Advertisement

 CHICAGO (AP) - Northwestern quarterback Kain Colter testified Tuesday that he was essentially paid to play via his scholarship as the National Labor Relations Board opened a closely watched hearing on a bid to form what would be the first union for college athletes in U.S. history.
From a witnesses stand in a federal court building, Colter characterized playing college football as a job and said schools make clear to incoming players that athletics are a higher priority than academics.
Colter, a co-founder of the newly formed College Athletes Players Association, said players adhere to grueling schedules, putting in 40- to 50-hour weeks on football during and before the season. During August training, he said, players wake at 8 a.m. and often only finish practice at 10 p.m.
''It's a job, there is no way around it - it's a job,'' said Colter, a 21-year-old senior whose college career is over.
Asked why Northwestern gave him a scholarship of $75,000 a year, he responded: ''To play football. To perform an athletic service.'' Later, he said players earn the money, in part, ''by sacrificing our bodies.''
Whether the players qualify under federal law as employees is the core question for the NLRB to answer. If they are deemed employees, they would have rights to unionize. Whatever ruling the panel makes can be appealed.
The Colter-led bid, which is supported by the United Steelworkers, is seen as a test case that could transform the landscape of college athletics. The NCAA and Big Ten Conference, which includes Northwestern, both maintain that college students are not employees whatever their participation might be in athletics.
During his opening statement, an attorney representing the university, Alex Barbour, challenged the notion the players are employees. He said academics are at the center of a football player's college experience.
''Academics always trumps athletics at Northwestern,'' he said. ''Northwestern is not a football factory.''
But during his testimony, Colter said he abandoned his hopes of entering a pre-med program because of time demands Northwestern makes on football players. He said chemistry was invariably offered at times that conflicted with football practice.
''You fulfill the football requirement and, if you can, you fit in academics,'' he said. ''You have to sacrifice one. But we can't sacrifice football. ... We are brought to the university to play football.''
Devoting more time to academics at the expense of his football, he added, could result in the loss of a scholarship. Asked if coaches ever told players to leave practice and go study, Colter said no.
Another Northwestern attorney, Anna Wermuth, asked Colter whether playing football was, in itself, part of the education process. Does it help players learn to ''critically analyze information?'' she asked.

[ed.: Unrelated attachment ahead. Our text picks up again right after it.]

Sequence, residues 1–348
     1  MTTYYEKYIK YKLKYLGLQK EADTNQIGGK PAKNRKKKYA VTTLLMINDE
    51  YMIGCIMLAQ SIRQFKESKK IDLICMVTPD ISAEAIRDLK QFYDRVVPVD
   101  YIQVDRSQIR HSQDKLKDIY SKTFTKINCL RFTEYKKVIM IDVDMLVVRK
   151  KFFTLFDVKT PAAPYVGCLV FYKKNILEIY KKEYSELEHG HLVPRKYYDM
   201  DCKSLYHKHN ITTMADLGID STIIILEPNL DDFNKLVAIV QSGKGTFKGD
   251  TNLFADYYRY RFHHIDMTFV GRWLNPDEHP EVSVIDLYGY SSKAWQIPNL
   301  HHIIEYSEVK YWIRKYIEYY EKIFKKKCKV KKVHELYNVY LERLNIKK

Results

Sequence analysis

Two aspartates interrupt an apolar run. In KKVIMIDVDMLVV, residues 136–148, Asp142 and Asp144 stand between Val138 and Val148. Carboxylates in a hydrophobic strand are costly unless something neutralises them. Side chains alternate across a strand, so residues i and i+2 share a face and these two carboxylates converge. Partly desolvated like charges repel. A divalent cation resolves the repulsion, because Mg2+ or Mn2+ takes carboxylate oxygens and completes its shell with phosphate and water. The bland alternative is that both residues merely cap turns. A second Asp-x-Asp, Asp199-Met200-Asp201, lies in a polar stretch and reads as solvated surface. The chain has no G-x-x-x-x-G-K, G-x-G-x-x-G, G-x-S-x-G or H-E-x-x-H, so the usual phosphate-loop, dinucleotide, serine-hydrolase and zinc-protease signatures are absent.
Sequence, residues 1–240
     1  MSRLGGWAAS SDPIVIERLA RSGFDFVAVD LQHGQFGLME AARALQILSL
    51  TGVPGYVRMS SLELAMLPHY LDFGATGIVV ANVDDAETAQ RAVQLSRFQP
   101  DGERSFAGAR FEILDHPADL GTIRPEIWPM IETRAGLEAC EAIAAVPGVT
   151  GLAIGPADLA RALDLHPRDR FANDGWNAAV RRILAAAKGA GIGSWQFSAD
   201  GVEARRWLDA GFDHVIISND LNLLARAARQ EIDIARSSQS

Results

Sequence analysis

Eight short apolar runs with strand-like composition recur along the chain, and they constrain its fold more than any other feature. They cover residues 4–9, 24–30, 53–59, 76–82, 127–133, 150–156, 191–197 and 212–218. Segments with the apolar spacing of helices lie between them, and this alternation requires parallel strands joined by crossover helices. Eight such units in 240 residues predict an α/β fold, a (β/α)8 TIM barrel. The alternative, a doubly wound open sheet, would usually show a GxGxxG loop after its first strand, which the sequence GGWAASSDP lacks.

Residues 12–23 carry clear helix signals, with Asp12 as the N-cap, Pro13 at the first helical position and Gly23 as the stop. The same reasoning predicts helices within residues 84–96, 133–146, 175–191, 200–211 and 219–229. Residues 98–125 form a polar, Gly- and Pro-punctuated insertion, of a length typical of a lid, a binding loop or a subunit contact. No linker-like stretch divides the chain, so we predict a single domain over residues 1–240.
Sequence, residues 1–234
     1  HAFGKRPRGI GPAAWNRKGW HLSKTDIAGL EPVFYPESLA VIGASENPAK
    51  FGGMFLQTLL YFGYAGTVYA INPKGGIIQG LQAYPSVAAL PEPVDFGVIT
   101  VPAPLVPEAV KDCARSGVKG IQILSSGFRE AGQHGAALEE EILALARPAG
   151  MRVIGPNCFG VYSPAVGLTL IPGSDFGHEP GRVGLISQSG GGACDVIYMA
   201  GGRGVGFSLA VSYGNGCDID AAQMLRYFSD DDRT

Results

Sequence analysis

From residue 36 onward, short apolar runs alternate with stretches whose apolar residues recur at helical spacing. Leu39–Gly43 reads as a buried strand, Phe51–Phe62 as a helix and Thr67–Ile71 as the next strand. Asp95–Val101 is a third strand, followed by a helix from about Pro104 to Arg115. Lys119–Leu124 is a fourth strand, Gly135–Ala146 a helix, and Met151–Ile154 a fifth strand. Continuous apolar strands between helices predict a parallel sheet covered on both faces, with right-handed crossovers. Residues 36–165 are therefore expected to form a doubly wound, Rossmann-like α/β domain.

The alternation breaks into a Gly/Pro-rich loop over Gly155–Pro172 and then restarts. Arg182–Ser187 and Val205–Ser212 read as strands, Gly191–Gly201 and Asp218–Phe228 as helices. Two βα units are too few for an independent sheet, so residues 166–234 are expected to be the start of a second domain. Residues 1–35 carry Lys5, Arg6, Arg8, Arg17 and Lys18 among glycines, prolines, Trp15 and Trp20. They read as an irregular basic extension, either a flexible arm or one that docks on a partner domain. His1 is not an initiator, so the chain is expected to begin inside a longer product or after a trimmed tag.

''We learn to critically analyze a defense,'' said Colter, who ended up studying psychology. Football also taught values, including perseverance, he added.
''But that does not mean it helps you earn a psychology degree,'' he said. ''It makes it harder.''
Northwestern spokesman Bob Rowley declined to comment on Colter's suggestion that school made football a higher priority than academics in some cases. He said the university's own witnesses later this week could address that and other questions.
The university and its attorneys have repeatedly pointed out the Northwestern has one of the highest graduation rates for football players in the country - of around 97 percent.
Colter said most of the team's 85 scholarship players support forming a union, though he has been the only one to step forward publicly with the support of the Steelworkers, the players association and its leader, former UCLA linebacker Ramogi Huma. Huma was also expected to testify, possibly on Wednesday.
Supporters say a union would provide athletes a vehicle to lobby for financial security and improved safety, noting that players are left out of the billions generated through college athletics. They contend scholarships sometimes don't even cover livings expenses for a full year.
University attorneys are expected to call their own witnesses later in the week. A decision by the NLRB could come soon after the testimony concludes.
For now, the push is to unionize athletes at private schools, like Northwestern. Public universities, which are subject to different regulations, could follow later.
---
Follow Michael Tarm at https://twitter.com/mtarm

Recent NCAAF Discussions

sun night play on Sun, Sep 2016 by Michael Cash
1/2 plays pro for sun. sun sept. 25th on Sun, Sep 2016 by Michael Cash
2nd set pro plays on Sun, Sep 2016 by Timmy1961

NCAAF Headlines

More inNCAAF News  

NCAAF Top Stories

Thumbnail College Football Week 5 Odds Week 5 of the College Football Season features some very big matchups between top-10 teams. Here is a look at...
Thumbnail Arizona tries to contain explosive Washington No. 9 Washington utterly obliterated its first three opponents of the season. Will the good times continue in the desert?
Thumbnail Sun Devils, Bears primed for fireworks show With California and Arizona State set to do battle, should fans on the West Coast expect an offensive blitzkrieg tonight?
Thumbnail Arkansas vs. Texas A&M Prediction Will Arkansas pull off the upset or at least cover the spread when it takes on Texas A&M at AT&T Stadium at 9:00PM ET tonight?
Thumbnail Louisville vs. Marshall Prediction Will Louisville avoid a letdown tonight when the Cardinals visit Marshall at 8:00PM ET?
More inNCAAF Articles  

NCAAF Team Pages